are worthy of consideration.

John Meewes, President of National Scanning. National Scanning offers secure nationwide HIPAA compliant patient chart scanning services and EMR implementation consultation. www.nationalscanning.com – Patient Chart Scanning Services (888) 211-1797

Paper Chart to EMR Scanning List

Posted on November 13, 2009 I Written By

John Lynn is the Founder of the HealthcareScene.com blog network which currently consists of 10 blogs containing over 8000 articles with John having written over 4000 of the articles himself. These EMR and Healthcare IT related articles have been viewed over 16 million times. John also manages Healthcare IT Central and Healthcare IT Today, the leading career Health IT job board and blog. John is co-founder of InfluentialNetworks.com and Physia.com. John is highly involved in social media, and in addition to his blogs can also be found on Twitter: @techguy and @ehrandhit and LinkedIn.

I’ve previously written about chart disposal after an EMR implementation and the concept of “thinning your paper chart for scanning into an EMR.” Because of those posts, one reader asked me about feedback on a list of what things should be included in the “thinned” paper chart.

Of course, my first reaction was to tell them to ask the doctors. Each doctor/specialty/clinic is unique and so every one of those would have their own list of what they thought was important. However, I also said I’d post their list on here for people to take a look at and provide feedback on things that shouldn’t be on the list or things that might be missing from this list. So, check out this list and I’d love to hear feedback on it in the comments:

Paper Chart to EMR Scanning List (in no particular order):
Birth records, Nursery, NICU, State Screen, Type/cross.
Growth Charts front and back.
Immunization record (multiples may exist, scan all).
Master Problem List.
Chronic/incidental/PRN medications.
Allergies/sensitivities.
All prior well child checks.
School/Scout/etc PE’s.
All acute visits if chronically ill, otherwise do not include uncomplicated CCD.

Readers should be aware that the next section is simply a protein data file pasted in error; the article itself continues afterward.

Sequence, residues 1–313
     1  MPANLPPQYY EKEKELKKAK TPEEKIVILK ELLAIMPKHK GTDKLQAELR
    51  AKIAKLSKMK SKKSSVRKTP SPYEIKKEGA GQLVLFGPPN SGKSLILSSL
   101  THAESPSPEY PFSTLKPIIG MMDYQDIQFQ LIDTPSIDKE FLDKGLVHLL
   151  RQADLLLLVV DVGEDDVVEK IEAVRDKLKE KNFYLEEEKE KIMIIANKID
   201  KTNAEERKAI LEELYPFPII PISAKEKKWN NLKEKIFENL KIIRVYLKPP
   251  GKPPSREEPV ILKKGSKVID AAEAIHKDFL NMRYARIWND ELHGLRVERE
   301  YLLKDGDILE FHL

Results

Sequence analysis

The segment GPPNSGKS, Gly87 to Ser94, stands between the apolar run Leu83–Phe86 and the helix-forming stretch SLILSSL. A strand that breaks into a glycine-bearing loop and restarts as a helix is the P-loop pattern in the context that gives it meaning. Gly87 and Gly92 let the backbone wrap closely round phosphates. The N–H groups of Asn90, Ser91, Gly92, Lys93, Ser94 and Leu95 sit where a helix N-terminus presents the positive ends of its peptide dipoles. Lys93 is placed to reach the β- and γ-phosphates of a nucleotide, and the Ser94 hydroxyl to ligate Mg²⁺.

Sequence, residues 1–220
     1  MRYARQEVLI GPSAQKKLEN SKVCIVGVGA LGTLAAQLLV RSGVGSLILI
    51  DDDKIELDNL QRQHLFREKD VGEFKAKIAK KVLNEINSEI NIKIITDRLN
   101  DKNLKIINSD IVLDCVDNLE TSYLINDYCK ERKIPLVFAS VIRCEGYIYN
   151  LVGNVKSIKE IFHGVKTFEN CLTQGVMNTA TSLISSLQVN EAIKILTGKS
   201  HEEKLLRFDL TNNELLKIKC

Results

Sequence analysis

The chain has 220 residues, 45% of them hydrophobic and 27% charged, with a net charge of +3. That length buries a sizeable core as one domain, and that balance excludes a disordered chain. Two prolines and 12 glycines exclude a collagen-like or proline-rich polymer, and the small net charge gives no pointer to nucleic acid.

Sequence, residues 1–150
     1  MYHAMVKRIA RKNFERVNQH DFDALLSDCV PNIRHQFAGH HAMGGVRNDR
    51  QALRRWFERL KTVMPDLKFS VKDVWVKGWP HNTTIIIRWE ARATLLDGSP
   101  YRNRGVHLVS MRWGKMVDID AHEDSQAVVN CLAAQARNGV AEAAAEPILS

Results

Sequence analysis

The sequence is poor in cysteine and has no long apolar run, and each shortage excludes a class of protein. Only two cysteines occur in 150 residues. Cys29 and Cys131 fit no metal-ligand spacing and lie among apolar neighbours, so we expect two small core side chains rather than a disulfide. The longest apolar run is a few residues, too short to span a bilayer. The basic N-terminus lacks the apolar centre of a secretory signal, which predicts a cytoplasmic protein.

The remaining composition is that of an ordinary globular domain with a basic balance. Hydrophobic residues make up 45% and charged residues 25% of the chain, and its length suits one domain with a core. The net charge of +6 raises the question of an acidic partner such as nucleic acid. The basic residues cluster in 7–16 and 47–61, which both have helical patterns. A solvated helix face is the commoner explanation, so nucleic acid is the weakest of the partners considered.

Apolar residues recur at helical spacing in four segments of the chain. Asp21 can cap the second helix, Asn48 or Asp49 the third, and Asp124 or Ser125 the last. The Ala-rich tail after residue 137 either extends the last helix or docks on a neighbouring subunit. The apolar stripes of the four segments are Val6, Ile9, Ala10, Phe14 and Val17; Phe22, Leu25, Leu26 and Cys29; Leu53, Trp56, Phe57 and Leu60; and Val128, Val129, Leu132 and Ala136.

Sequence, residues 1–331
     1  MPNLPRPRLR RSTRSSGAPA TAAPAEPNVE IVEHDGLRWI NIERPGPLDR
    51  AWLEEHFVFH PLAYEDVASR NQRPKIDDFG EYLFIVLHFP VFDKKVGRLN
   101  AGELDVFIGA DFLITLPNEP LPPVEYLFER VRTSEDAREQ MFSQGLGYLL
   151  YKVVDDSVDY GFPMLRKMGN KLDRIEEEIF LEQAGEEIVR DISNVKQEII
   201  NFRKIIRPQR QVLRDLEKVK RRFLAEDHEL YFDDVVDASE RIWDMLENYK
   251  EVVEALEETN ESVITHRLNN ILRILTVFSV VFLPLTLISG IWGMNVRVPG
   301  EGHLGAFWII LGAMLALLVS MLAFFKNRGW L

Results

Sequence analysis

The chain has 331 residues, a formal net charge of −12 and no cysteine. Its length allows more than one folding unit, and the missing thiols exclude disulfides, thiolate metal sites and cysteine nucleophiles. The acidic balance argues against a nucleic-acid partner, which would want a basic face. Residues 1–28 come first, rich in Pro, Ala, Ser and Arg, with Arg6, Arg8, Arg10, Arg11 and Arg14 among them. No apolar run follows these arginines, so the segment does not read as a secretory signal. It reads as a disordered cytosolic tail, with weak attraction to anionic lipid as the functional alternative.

All special evaluations (ADHD/Feeding/Nutrition etc done in house).
All referral and specialists’ consults/findings.
Family History if known. Adoption may prohibit this.
City water vs well water.
Lab reports – baselines and all if chronic medical issues.
All diagnostic imaging reports.
Insurance history.
Demographic sheet/all address changes.
All legal documents – custody/state/adoption/POA/living will etc.

A look at this list makes me think about what types of things might be useful when exchanging patient records electronically. Seems like the concept of thinning the chart and exchanging data might be worth considering together.

Best Scanners for High Volume Scanning in a Doctor’s Office

Posted on March 2, 2009 I Written By

John Lynn is the Founder of the HealthcareScene.com blog network which currently consists of 10 blogs containing over 8000 articles with John having written over 4000 of the articles himself. These EMR and Healthcare IT related articles have been viewed over 16 million times. John also manages Healthcare IT Central and Healthcare IT Today, the leading career Health IT job board and blog. John is co-founder of InfluentialNetworks.com and Physia.com. John is highly involved in social media, and in addition to his blogs can also be found on Twitter: @techguy and @ehrandhit and LinkedIn.

We now interrupt all this HITECH act EHR stimulus money talk for our regularly scheduled program.

If you are looking at implementing EHR, then you better become familiar with a nice high quality scanner. Don’t believe anyone who tells you that they are paperless. Sure, many don’t store paper, but even the very best EMR or EHR implementation has loads of paper that needs to be scanned.

Still don’t believe me, then how do you plan on handling a new patient who brings in a stack of paper records from their old doctor. I’ll leave the rest of the list of possible paper for another day. Suffice it to say that you’ll NEED a high quality scanner that can handle high volume.

When we first implemented we used a nice little all in one scanner. Worked well, except we literally burnt it out after less than a month of scanning.

After that we finally ponied up the money and bought some high quality, high volume fujitsu scanners. 4 years later we’re still scanning with no end in sight. We do have to do regular cleaning (about 5 minutes max) to clean off all the ink that gets on the feeder. Otherwise, these babies are the best I’ve seen. Here’s links to the 2 models fujitsu currently offers.

Fujitsu fi-6130 Duplex Scanner
Update: The Fujitsu Fi-6130 is no longer available, but here’s the Fujitsu Fi-7160

Fujitsu FI-6230 Clr Duplex 40PPM/30PPM USB
Flat bed and ADF feeder:
Update: The Fujitsu Fi-6230 is no longer available, but here’s the Fujitsu Fi-7260

One has a flat bed for those hard to feed scan items (ie. prescriptions) and the other is just the feeder for the high volume scanning.  Some may think it’s a little expensive for a scanner, but it’s worth it.

I’ll be updating my list of EMR and EHR technology with items like the scanners above. Many people have asked me which scanners are best, which computers are best, what about tablets, fax servers, etc, etc. Now you can just check out my list of software, tablets, computers, fax servers, scanners, printers, etc and see some recommended items to help your office.